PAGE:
After that, simply applying pressure on the marking will break the drywall in the right spots. Apply pressure and break off all 4 sides. 

After you have the perfect bracket for the ceiling, screw the bracket in.

Step 5: Find the Center of the Room

There is a couple of ways you can go about this step. Finding the center of the room is easy, but you’ll need the right pieces of equipment. First, measure using the measuring tape.  

Measure the width of the room. After that, measure the length of the room. Then, half the width and the length and match the markings. The intersection of these markings will be the center of the room.

Then you can use a dot later and project the marking up to the ceiling. The mark on the ceiling will be the center of the room. The laser dot should be marked with a pencil. 

Put a cross on the laser dot.

Step 6: Create Ceiling Fan Hole

In this step, we will be using the chop saw. Keep the laser dot mark in the center and run the chop saw around it. That will create an open drill in the ceiling. 

Try to keep the diameter of the chop saw small. If needed, you can make it bigger. But once you cut a big hole, you cannot make it smaller. You’ll have to reinstall the drywall, which is a hefty process!

Step 7: Get a Ceiling Fan Support Box

This here is probably the most critical step of all. You have to buy a ceiling fan box. This box will have all the pieces of equipment to help you install ceiling fans. It should have all the tools like screws, wires, etc.

Most of the time, the box is not rated. Whenever you are making this purchase, make sure the box is rated to hold up a ceiling fan! 

That way, you can be extra safe and not worry about the fan falling off.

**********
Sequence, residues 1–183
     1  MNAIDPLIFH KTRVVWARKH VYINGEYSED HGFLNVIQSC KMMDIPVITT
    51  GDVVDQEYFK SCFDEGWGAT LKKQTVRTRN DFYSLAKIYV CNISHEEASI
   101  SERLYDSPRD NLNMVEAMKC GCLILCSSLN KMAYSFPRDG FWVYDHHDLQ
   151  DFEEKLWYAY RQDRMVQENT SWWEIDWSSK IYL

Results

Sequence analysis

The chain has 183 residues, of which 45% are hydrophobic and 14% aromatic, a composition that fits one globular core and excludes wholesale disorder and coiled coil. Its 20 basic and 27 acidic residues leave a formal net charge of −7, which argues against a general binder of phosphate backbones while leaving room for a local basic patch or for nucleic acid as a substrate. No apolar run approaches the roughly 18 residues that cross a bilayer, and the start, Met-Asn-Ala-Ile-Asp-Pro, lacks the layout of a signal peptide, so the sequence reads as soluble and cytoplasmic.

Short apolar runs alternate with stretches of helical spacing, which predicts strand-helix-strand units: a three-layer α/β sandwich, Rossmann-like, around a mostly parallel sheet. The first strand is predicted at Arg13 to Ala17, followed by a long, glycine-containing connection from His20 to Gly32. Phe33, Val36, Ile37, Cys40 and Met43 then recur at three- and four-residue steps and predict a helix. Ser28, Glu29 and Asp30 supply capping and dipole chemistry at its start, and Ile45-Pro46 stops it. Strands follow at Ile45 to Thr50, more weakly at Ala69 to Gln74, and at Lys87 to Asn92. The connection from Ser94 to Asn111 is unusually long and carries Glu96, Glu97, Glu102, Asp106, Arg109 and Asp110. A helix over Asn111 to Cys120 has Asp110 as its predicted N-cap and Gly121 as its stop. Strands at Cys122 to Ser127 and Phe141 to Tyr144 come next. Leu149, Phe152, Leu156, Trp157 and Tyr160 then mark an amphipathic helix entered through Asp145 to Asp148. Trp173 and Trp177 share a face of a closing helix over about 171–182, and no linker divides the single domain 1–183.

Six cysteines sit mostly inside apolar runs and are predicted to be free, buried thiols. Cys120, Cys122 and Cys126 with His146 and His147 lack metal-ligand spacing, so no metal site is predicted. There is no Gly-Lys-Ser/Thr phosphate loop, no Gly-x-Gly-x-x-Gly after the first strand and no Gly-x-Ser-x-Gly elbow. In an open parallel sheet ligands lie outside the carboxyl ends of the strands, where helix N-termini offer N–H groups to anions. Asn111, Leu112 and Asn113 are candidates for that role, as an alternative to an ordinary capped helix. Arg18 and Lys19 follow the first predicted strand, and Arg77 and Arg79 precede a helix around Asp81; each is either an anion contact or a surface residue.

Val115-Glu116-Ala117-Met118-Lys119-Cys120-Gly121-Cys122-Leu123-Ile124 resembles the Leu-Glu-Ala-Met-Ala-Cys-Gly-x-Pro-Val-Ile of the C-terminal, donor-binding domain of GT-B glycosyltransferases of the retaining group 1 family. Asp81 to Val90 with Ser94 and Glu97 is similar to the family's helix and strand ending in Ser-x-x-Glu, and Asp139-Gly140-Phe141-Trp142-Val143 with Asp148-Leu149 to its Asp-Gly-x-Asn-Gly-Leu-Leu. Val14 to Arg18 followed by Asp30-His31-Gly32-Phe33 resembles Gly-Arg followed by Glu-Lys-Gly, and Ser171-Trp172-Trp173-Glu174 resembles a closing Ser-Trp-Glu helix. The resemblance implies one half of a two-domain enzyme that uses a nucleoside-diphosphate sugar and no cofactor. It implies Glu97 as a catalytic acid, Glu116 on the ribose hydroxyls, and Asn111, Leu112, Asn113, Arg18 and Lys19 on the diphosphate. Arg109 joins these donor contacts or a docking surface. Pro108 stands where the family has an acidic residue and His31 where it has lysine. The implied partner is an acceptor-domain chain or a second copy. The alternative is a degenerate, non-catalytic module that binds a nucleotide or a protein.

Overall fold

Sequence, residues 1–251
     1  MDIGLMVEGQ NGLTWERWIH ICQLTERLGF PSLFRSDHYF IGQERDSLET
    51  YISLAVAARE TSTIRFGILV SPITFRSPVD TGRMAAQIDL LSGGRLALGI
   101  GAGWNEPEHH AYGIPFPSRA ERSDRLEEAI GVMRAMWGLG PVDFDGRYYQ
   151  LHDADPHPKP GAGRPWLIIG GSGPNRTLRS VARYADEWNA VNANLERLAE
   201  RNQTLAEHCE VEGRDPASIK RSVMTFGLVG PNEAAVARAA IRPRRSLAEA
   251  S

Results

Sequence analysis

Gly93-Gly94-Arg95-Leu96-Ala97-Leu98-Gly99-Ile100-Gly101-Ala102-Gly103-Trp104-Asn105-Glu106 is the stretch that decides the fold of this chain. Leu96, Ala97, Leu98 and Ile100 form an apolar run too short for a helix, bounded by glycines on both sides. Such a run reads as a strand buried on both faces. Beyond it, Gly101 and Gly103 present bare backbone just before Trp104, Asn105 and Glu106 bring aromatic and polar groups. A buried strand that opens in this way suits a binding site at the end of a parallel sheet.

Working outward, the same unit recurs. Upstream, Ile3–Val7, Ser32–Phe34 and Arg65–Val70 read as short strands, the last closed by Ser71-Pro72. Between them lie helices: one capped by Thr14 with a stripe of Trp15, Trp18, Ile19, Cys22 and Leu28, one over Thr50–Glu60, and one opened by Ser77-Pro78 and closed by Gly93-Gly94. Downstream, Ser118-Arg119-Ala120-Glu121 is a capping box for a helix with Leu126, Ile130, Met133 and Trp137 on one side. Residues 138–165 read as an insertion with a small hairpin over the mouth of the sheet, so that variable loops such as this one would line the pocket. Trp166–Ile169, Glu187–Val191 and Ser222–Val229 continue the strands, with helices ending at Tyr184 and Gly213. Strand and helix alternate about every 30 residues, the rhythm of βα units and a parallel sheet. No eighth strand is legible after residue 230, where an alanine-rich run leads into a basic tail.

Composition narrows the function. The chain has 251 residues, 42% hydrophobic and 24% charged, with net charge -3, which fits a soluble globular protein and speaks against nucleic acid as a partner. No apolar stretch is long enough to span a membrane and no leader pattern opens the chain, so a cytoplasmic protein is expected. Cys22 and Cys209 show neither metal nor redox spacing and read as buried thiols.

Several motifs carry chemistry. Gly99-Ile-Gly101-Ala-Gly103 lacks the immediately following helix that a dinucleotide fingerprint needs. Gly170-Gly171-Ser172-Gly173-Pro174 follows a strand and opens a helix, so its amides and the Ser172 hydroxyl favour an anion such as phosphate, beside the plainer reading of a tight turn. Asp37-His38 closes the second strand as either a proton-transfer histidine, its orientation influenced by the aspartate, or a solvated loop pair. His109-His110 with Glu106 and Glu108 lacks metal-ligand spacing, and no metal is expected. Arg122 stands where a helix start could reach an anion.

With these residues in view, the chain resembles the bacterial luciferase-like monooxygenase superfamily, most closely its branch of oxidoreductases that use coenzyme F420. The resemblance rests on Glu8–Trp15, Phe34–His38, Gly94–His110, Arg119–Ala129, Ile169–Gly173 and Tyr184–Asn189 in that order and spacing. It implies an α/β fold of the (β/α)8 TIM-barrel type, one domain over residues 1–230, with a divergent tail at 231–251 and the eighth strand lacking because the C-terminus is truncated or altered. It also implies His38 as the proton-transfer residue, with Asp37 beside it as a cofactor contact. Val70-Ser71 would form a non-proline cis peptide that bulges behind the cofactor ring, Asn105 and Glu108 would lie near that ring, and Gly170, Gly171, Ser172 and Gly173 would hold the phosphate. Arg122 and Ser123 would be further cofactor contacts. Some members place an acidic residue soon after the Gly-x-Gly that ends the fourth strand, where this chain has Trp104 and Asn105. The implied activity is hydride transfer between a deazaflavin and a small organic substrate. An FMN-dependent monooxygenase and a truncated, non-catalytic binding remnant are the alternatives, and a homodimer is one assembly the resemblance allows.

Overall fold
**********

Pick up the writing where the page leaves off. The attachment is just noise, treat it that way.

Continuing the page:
Step 8: Install the Ceiling Fan

Firstly, you need to go to the attic. Then, locate the hole you made in step 6. The hole should be big enough for the bracket to be installed. 

The ideal bracket sizes are from 16-24 inches. These can be adjusted. 

Also, the two tabs of the support should be sitting in between the joist and drywall. 

Get the bracket through the hole. Then, hammer the two tabs and then screw them in. They should be screwed in the joist for optimal weight capacity.

Through the hole, you can pass the ceiling fan wires on. Turn on the circuit breaker for the ceiling fans. Test them with a bulb, and see if the fan cables are getting power. If the cables are getting power, you’re all set.

Finally, install the ceiling fans. And that is about it with the fan boxes. This way, the ceiling fan box will be flush with the drywall.

However, since we attached the mount bracket, there might be some holes. The holes and gaps on the drywall won’t look good on the ceiling. For that, use 90 joint compounds that you have to mix and flush.

Fill the gaps with the compound and finish the coating with lighter mud. After the compound dries, the ceiling should be flush and gap-free. 

From there, you can do a ceiling paint job of your own.

No one will even suspect the ceiling fan box fix. Yes, the finishing will be that clean! And voila. You have successfully fixed the ceiling fan box flush issue!


Can a ceiling fan be too heavy?

Yes, a ceiling fan can be too heavy. The stud, joist, or rafter that holds the fan must support its weight of it. If you are operating overweight fans, stop as soon as possible. They might fall off and cause an accident. You can consider upgrading the studs to increase ceiling fan weight capacity.

Are Longer ceiling fan blades better?

Yes, longer ceiling fan blades are better for large rooms. On the other hand, the short blades are fit for small rooms. Large blades create comfy and soft airflow. On the contrary, the small blades offer direct airflow and are a bit noisy. Ultimately, you can decide between the fans depending on your room size.

How many blades on a ceiling fan make the best airflow?

Ideally, the best airflow can be extracted out of 3-bladed fans. Three blades on a fan is the sweet spot. These ceiling fans create comfortable and sufficient air. It is not necessarily true that the more blades, the better. As you add more blades, the noise, power, and weight draw will increase.

The Final Words

You’ve reached the end. Hopefully, you know the fix when you find the ceiling fan box not flush with drywall

If you are finding the task to be hard, it’s perfectly fine. Pay a small labor cost and hire an electrician! He/she can do the work effortlessly!

Good luck!